HCPLive Network

ONS 35th Congress Opening Gets Wild

The Oncology Nursing Society (ONS) 35th Annual Congress kicked off with a lively parade, which included over 100 nurses representing 16 countries from all over the globe, including Australia, Japan, and Latvia, who marched into the exhibit hall to the tune of  “Jungle Boogie.” Thereafter, the 2010 Congress planning team was acknowledged by Sue Childress, RN, MN, OCN, congress chair, and  Brenda Nevidjon, RN, MSN, FAAN, ONS president, discussed how some ONS chapters are making a difference internationally by reaching out to nurses practicing in impoverished countries. She noted that the Greater Los Angeles Chapter was working with Bolivian nurses and that the Metro Minneapolis Chapter had sponsored membership for nurses in Kenya. These nurses now benefit from International Tiered membership, which allows them electronic access to all ONS resources. It is anticipated that this form of membership will continue to grow.

Margaret Hansen Frogge, RN, MS, president, Oncology Nursing Society Foundation, also spoke and encouraged attendees to text a donation of $10 to ONS. She noted if all nurses in attendance participated, they would raise over 30K in less than a minute. Many nurses pulled out their cell phones and participated in this fund-raising effort.

As a part of the opening ceremony, numerous awards were presented. The awards and their recipients were as follows:

Distinguished Researcher Award
Kathleen Mooney, RN, PhD, FAAN, for her work on improving unrelieved symptoms in patients with cancer. Her unique research focuses on developing a mechanism to improve communication about unrelieved symptoms and uses innovative technology to provide added support and surveillance that efficiently keeps the oncology team informed. Dr Mooney's ultimate goal is to develop the program for translation and adoption in everyday ambulatory clinical practice.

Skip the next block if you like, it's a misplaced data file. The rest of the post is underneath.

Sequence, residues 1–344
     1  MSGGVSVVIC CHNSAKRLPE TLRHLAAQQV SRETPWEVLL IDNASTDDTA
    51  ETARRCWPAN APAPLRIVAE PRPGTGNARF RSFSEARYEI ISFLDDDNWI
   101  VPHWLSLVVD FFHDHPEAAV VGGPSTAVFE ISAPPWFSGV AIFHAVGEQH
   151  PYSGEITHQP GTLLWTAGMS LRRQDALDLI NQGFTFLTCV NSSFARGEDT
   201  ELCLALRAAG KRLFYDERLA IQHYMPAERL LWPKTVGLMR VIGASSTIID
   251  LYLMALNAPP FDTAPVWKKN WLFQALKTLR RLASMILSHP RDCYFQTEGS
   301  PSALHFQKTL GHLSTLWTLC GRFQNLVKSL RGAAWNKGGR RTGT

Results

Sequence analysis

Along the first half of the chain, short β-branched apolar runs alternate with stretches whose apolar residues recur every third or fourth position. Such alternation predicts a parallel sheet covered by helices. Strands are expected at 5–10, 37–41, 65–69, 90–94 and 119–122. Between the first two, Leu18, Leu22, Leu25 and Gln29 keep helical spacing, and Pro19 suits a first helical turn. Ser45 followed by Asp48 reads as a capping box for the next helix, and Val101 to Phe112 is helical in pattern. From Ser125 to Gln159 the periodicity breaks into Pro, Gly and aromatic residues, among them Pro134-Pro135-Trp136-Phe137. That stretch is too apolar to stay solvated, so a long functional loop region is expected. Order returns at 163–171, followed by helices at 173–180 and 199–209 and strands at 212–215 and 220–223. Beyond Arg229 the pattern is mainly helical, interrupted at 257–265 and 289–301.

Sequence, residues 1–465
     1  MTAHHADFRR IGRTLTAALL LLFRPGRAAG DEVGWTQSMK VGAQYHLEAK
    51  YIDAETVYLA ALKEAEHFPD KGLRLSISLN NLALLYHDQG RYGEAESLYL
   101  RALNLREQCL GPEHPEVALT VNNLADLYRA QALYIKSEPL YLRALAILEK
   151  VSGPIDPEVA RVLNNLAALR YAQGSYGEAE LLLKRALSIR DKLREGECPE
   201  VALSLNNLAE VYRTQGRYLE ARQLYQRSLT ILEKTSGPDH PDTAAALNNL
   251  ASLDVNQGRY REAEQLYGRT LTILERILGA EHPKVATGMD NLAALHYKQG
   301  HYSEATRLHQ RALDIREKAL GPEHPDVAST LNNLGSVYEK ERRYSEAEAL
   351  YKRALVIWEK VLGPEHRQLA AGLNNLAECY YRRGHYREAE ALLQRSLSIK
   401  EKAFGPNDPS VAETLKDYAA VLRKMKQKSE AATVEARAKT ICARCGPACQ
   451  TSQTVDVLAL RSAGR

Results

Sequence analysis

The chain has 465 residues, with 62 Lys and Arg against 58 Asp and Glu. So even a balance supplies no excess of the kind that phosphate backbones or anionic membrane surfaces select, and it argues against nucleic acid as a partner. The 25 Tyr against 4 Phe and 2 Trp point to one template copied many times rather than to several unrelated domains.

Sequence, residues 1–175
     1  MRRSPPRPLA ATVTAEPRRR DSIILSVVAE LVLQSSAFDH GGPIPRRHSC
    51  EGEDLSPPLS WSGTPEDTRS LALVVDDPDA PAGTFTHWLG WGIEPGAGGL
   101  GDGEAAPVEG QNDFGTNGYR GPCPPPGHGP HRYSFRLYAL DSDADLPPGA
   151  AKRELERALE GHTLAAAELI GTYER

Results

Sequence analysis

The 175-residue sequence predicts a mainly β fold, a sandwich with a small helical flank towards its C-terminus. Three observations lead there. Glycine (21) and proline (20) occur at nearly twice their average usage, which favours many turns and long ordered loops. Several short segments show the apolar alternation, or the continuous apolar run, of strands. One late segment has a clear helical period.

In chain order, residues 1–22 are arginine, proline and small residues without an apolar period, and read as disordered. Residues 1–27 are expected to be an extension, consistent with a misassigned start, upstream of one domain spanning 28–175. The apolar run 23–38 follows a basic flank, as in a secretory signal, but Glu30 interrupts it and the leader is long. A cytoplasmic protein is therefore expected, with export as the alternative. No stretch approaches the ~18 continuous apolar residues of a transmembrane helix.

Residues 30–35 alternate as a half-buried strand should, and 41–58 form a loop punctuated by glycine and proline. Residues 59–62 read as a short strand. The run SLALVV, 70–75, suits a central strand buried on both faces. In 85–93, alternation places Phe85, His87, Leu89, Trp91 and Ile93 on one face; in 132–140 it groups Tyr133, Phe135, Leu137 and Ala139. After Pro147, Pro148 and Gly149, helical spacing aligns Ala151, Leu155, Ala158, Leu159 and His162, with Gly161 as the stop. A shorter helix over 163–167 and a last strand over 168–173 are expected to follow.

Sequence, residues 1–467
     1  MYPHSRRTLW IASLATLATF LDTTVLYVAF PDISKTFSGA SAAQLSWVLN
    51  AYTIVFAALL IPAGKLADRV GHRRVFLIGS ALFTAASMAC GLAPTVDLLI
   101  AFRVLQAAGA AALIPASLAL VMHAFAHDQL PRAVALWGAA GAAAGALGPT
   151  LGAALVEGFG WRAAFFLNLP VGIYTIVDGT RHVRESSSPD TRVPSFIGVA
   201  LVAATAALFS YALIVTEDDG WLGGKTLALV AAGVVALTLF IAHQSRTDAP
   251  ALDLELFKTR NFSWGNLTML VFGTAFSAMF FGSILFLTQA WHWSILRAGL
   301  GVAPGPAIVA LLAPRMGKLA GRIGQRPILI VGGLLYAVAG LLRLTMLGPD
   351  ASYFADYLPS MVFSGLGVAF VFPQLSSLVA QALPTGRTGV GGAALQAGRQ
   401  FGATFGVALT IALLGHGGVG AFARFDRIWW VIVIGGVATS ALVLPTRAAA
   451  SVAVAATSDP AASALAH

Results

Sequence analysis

Distinguished Service Award
Cynthia Cantril, RN, OCN, MPH, for her contributions in assisting ONS to fulfill its mission at the national and local levels in the study, research, and exchange of information, experiences, and ideas, helping to improve oncology nursing practices. She is a co-founder of ONS and served as vice president of ONS’s first board of directors. The award reflects on her role as a dedicated nurse navigator for her patients.

Pearl Moore “Making a Difference” Award
Darcy Burbage, RN, MSN, AOCN, CBCN, for her significant contributions to the oncology nursing profession at the local and regional levels. She received recognition at the Helen F. Graham Cancer Center at Christiana Care Health System in Newark, Delaware, for her many performance improvement projects that have impacted the quality of care of patients with breast cancer treated at the institution's Breast Center.

ONS 2010 Lifetime Achievement Award
Connie Henke Yarbro, RN, MS, FAAN, for her contributions as an oncology nurse researcher, mentor, and educator, as well as her service to ONS and the oncology community. She helped found ONS in 1975 and has served in various leadership roles within the organization since then, including as president and treasurer.